The future is coming. There is no stopping it. Please don't wish away the present.
Sunday, February 10, 2013
This is my in-laws' new dog. They think she looks like a fox, so they gave her the very original name, Foxy. She had been a stray hanging around my father-in-law's office the last couple of weeks. He officially retired last week, and on his last day, he brought Foxy home. This is surprising because my father-in-law is not known for his sweet side. He is a kind man, but he is not affectionate to people much less a dog.
Here is the thing, she is such a sweet little creature, that she has brought out the sweetness in him. She is a mutt, but she definitely has a lot of basenji in her. She doesn't bark and she is house broken. She lies on his chest when he reclines in his chair in front of the television, and she sleeps all night in their bed. He spends his days puttering around the garage and she stays right next to him. wherever he goes, she goes. And, this is a man who would not let his wife eat french fries in the car, but now foxy sits next to him in the passenger's seat. This just goes to show what a dog (particularly a rescue) will do to someone's heart.
Wednesday, February 6, 2013
Perfect Grilled CheeseMy husband makes the perfect grilled cheese. It is always the perfect golden brown, a little salty, and the cheese to bread ratio is perfect. He says the secret is Pepperidge Farms bread, salted butter, and two slices of cheese. I am a decent cook, but my grilled cheeses are never as good as his. One side is always too brown and if I use two slices of cheese, I end up with a gooey mess.
I tell you, you just cannot beat the perfect grilled cheese and a ginger ale for the quick comfort dinner.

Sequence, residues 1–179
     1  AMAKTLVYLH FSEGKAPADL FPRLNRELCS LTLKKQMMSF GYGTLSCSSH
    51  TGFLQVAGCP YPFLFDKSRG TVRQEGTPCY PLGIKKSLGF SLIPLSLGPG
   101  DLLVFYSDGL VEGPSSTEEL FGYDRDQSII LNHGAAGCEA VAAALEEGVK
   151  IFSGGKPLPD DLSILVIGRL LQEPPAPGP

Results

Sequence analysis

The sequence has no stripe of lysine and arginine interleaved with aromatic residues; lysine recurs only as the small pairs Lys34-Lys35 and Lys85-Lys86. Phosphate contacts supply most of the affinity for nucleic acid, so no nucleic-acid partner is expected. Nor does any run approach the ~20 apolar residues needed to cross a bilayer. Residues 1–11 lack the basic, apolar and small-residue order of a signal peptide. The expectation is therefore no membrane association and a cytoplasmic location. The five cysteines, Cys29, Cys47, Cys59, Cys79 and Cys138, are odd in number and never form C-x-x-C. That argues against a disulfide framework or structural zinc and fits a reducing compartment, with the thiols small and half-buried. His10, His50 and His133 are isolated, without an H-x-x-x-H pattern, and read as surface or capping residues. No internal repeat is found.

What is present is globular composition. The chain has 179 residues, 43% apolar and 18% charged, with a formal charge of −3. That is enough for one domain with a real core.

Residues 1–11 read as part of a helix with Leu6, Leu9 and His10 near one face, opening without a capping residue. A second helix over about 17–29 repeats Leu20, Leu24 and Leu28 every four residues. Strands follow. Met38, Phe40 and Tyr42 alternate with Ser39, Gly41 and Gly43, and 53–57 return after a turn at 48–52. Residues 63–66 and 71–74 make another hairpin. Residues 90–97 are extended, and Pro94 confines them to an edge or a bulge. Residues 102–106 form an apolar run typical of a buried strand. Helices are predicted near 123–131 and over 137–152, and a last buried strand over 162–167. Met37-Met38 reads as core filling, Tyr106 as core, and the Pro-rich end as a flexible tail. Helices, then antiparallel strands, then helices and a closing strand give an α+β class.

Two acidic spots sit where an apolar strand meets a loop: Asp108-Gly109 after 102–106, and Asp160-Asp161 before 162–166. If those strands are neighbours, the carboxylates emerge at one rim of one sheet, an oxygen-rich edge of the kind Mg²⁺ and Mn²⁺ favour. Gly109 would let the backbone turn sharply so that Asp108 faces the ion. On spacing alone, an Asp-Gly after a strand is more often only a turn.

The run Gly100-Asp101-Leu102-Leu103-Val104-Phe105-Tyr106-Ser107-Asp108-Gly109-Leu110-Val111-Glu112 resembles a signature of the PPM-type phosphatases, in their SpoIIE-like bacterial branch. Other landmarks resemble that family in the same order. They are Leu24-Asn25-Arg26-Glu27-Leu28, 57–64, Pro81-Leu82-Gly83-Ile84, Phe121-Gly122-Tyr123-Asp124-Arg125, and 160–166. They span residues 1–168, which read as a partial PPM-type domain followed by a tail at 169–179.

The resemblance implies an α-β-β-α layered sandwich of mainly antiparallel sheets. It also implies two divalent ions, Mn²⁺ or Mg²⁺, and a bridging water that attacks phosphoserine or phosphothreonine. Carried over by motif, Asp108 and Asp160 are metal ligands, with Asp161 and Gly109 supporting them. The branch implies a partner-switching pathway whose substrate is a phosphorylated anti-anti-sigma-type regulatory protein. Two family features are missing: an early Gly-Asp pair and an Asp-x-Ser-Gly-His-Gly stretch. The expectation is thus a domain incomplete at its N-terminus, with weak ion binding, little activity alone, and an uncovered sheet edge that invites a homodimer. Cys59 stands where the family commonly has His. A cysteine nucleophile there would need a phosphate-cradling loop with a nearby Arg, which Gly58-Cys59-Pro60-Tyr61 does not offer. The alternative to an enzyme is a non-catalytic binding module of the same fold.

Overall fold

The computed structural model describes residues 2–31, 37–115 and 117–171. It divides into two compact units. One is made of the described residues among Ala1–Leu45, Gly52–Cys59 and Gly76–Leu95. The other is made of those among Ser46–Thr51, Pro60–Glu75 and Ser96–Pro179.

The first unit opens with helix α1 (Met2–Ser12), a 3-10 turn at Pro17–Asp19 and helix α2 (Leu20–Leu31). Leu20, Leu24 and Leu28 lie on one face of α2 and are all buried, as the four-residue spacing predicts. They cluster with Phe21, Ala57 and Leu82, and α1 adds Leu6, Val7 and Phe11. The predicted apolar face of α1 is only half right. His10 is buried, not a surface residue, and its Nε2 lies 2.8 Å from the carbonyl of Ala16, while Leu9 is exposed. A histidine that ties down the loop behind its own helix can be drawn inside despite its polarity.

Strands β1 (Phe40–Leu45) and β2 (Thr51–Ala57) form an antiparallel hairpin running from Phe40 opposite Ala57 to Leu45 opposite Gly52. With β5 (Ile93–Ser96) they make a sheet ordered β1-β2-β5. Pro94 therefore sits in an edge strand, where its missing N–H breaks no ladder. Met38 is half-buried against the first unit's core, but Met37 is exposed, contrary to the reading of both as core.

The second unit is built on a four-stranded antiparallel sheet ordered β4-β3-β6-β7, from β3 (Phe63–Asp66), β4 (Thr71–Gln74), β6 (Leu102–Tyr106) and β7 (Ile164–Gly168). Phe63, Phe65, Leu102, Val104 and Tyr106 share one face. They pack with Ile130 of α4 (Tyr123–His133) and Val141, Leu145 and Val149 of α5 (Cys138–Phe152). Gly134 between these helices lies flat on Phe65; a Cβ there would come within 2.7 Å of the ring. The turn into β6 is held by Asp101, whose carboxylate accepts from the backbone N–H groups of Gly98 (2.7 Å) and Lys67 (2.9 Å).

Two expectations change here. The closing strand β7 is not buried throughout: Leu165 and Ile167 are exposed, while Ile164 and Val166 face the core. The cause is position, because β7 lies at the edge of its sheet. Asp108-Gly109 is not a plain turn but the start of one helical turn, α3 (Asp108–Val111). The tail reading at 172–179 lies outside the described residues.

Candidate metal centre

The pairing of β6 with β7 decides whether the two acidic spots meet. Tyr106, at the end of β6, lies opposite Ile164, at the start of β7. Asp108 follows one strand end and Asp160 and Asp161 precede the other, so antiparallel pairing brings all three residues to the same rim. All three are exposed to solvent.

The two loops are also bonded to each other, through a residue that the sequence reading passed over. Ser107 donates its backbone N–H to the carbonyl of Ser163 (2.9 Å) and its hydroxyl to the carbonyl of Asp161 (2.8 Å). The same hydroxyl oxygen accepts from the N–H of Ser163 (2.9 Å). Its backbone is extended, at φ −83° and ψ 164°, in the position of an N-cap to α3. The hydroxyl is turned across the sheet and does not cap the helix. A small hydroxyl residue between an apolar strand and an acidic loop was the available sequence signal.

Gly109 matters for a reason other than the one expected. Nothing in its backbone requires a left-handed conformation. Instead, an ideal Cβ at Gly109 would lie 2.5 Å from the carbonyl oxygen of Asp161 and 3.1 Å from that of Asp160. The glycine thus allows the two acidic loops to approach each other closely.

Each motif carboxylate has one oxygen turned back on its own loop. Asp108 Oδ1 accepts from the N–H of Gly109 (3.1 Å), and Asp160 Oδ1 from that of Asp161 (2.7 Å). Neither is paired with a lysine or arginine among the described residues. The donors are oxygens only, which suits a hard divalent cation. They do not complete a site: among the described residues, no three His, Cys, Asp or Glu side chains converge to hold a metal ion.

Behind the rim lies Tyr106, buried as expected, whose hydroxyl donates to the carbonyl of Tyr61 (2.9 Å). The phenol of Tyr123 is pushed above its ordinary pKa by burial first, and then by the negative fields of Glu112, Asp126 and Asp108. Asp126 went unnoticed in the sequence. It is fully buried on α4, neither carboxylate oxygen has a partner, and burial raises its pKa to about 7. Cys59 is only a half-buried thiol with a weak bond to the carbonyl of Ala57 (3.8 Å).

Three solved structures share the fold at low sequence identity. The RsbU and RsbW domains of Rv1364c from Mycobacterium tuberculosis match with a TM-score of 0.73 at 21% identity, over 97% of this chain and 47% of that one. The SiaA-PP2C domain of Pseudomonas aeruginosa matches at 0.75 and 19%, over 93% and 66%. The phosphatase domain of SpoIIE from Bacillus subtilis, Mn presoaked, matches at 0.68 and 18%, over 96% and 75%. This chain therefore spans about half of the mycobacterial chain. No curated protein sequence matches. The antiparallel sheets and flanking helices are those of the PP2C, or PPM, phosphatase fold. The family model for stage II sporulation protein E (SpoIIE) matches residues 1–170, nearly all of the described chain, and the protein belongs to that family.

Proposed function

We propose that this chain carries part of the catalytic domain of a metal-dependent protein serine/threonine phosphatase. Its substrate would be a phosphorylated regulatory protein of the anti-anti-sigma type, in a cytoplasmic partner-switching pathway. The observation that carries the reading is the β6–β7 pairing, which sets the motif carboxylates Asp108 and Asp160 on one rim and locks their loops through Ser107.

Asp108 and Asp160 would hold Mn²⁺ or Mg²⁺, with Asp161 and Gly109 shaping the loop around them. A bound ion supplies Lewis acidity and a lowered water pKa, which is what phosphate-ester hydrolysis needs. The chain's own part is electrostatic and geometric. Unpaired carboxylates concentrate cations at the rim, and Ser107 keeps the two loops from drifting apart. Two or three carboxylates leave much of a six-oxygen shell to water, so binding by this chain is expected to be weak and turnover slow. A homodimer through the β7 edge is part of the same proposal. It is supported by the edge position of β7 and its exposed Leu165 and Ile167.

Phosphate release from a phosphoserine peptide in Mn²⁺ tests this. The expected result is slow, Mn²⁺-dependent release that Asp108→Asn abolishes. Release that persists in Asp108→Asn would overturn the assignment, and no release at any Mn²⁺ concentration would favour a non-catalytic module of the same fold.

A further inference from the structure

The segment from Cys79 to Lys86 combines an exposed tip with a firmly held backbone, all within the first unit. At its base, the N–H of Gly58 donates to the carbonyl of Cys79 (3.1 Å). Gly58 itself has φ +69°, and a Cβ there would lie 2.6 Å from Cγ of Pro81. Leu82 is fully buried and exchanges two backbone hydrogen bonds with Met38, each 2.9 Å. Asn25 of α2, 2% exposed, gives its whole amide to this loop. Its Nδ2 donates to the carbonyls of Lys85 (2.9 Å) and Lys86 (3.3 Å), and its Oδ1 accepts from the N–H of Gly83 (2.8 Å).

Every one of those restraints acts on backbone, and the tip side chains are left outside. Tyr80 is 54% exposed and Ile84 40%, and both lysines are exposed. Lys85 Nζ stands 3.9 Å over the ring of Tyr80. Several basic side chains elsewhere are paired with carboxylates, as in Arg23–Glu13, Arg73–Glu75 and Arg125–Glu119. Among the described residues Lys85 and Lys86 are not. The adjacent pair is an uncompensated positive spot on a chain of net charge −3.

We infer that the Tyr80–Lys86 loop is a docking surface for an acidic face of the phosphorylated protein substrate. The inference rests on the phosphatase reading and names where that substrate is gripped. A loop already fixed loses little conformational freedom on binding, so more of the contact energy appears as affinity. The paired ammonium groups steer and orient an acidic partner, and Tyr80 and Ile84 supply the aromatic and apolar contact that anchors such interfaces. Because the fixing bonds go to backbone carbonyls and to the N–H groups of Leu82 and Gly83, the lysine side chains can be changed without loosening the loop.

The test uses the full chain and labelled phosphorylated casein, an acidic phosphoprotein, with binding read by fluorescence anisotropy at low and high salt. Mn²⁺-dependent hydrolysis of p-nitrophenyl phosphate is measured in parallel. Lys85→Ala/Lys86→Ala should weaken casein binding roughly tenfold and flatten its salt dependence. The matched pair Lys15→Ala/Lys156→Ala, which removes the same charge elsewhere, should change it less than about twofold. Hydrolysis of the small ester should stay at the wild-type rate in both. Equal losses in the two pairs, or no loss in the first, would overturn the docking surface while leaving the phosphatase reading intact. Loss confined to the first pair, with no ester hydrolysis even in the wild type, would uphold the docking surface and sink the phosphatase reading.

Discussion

Tuesday, February 5, 2013
Where I Live
this is where I live
in the sun, on the sand, by the water
it is winter
a balmy February
the locals stay on the beach
in their shoes
on their bikes
by their cars
frolic in the waves
no wet suits
tiny swimsuits instead
and ride my bike
on the hard packed crystal sand
back to my house
leaving my home
Monday, February 4, 2013
Love Your Job
I have been away for a few days due to illness, but I am back now!
Friday night, we stopped for dinner at the Five Guys in Jacksonville. I was very impressed how much everyone there seemed to love their job. Some of them were high school students, but the majority of employees were older and working at Five Guys. They were all happy to work at Five Guys. More than happy, they all genuinely seemed excited to serve me my burger and fries.
As well, they seemed to enjoy each other. They were laughing and joking and dancing with each other. Yes, dancing. It made me happy. Here are people working at seven o'clock at night at a fast food joint and they were happy. Slinging burgers is not the most glamorous job in the world, and heaven knows it cannot pay a whole lot, but the employees were happy. They were choosing to be happy.
It made me think about a world where everyone chooses to be happy at their job. Imagine the DMV, the car wash, and municipal offices filled with people choosing to be happy at the job. What a delightful thought. More importantly, I wondered if my students always know that I am happy at my job. I love my job, but do I always choose to express my happiness? I think I could work on this. Maybe I should dance in class every once in awhile.